Eight Limbs of Astanga

Astanga literally means eight limbs.

Yoga is a timeless pragmatic science evolved over thousands of years dealing with the physical, moral, mental, and spiritual well being of human as a whole.

Astanga Yoga practiced in its correct sequential order, gradually leads the practicioner to rediscover their fullest potential on all levels of human consciousness.

This demanding practice requires considerable effort. It strengthens will and purifies the nervous system; the mind becomes lucid, clear and precise

There are eight component stages, collectively referred to as Astanga yoga (ashta, “eight” and anga “limb”), the eight-limbed path to mystical union.

The stages begin with a set of ethical codes and progress through physical postures, breathing exercises, and mental practices, culminating in the highest stage of absorption in the absolute.

  1. Yama. Five virtues, or restraints, that govern our relationships with others and the world:
    • ahimsa (noninjury),
    • safya (truthfulness),
    • asfeya (nonstealing),
    • brahmacharya (Godlike conduct),
    • aparigraha (nonclinging)
  2. Niyama. Five observances of one’s own physical appearance, actions, words, and thoughts that govern our relationship with ourselves:
    • shauca (purity or cleanliness),
    • santosha (contentment),
    • fapas (heat, burning desire for reunion with God),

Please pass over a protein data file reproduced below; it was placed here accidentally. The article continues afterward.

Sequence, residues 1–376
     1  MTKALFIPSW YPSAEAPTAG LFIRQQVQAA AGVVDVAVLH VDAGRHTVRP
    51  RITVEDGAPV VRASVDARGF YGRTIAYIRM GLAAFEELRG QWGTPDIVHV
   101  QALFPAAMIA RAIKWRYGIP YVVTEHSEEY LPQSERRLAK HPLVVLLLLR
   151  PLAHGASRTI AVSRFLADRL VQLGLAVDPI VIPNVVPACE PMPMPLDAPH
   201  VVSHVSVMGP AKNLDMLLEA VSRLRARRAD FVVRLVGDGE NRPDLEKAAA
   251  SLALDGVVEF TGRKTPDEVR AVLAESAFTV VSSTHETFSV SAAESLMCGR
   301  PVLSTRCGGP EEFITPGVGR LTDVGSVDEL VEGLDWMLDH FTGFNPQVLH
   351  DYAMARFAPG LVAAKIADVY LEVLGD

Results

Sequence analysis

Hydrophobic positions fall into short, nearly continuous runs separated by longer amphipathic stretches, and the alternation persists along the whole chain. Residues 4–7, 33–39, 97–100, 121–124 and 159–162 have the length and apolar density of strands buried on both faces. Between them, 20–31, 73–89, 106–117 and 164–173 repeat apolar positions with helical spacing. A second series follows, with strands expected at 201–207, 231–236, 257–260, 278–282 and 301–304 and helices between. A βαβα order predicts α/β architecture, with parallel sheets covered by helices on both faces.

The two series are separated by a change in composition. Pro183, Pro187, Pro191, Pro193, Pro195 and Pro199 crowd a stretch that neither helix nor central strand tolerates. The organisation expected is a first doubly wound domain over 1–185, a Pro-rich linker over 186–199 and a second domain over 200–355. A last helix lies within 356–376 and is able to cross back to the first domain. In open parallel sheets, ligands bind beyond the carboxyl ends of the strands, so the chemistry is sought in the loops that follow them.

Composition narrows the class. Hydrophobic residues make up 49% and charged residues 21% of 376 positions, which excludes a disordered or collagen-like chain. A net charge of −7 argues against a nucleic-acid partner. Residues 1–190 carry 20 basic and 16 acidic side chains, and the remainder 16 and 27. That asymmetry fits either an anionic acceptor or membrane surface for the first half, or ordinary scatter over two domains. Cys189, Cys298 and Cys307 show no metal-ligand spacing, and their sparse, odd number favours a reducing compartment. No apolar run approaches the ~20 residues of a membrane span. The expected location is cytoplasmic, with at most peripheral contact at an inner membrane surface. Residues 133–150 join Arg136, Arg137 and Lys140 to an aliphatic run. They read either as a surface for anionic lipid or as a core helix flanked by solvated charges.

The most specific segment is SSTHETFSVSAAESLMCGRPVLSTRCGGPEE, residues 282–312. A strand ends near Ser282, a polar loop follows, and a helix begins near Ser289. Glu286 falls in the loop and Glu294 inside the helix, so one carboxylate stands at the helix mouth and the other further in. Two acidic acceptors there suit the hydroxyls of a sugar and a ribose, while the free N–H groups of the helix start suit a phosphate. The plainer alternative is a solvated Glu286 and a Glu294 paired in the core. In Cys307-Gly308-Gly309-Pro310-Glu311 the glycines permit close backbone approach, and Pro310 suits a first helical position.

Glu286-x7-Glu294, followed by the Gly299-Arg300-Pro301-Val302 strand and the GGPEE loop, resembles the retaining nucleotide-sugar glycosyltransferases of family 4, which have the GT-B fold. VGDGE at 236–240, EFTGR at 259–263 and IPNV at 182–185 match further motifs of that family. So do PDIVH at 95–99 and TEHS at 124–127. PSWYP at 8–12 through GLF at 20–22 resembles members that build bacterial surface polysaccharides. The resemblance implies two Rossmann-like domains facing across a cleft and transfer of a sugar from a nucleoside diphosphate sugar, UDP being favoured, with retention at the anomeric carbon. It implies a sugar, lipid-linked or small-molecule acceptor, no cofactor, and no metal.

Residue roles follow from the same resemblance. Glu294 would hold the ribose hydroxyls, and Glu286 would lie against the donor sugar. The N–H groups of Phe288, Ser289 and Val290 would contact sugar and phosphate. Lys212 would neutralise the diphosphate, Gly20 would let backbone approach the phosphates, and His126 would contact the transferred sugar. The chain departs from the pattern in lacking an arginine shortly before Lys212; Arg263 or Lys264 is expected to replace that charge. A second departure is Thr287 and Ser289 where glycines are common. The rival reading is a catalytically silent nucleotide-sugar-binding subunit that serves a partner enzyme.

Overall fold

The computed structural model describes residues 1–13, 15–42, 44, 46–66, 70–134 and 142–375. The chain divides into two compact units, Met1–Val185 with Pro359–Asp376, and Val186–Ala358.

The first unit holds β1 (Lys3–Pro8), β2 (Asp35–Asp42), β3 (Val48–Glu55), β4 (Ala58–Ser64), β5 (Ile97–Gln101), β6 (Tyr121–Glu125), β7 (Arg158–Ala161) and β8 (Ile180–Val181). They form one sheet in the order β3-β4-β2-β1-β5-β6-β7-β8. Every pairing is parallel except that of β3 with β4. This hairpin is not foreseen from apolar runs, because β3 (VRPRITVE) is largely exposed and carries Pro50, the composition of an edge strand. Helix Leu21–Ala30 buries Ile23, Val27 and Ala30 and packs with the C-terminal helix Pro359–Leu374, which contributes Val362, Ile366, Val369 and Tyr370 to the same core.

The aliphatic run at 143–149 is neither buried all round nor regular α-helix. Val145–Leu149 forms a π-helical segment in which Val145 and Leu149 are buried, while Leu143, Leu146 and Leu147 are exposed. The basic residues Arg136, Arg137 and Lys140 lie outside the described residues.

• svadyaya (self-study or self-inquiry)
    • isvara pranidhana (devotion or surrender to the Lord, “thy will be done”).
  3. Asana. Postures for creating firmness of body, steadiness of intelligence, and benevolence of spirit. The physical practice most familiar to Westerners as yoga.
  4. Pranayama. A set of breathing exercises designed to help the yogi master the life force.
  5. Pratyahara. Withdrawal of the senses, mind, and consciousness from the outside world; focus inward on the self.
  6. Dharana. Focused concentration. With the body tempered by asanas, the mind refined by the fire of pranayama, and the senses under control using pratyahara, the student reaches this sixth stage.
  7. Dhyana. Meditation. Withdrawing the consciousness into the soul.
  8. Samadhi. Ecstasy. Merging with the divine. Self-realization. One experiences consciousness, truth, and unutterable joy. One must experience samadhi in order to understand it, because it is beyond the mind.

Leave a Reply

Your email address will not be published. Required fields are marked *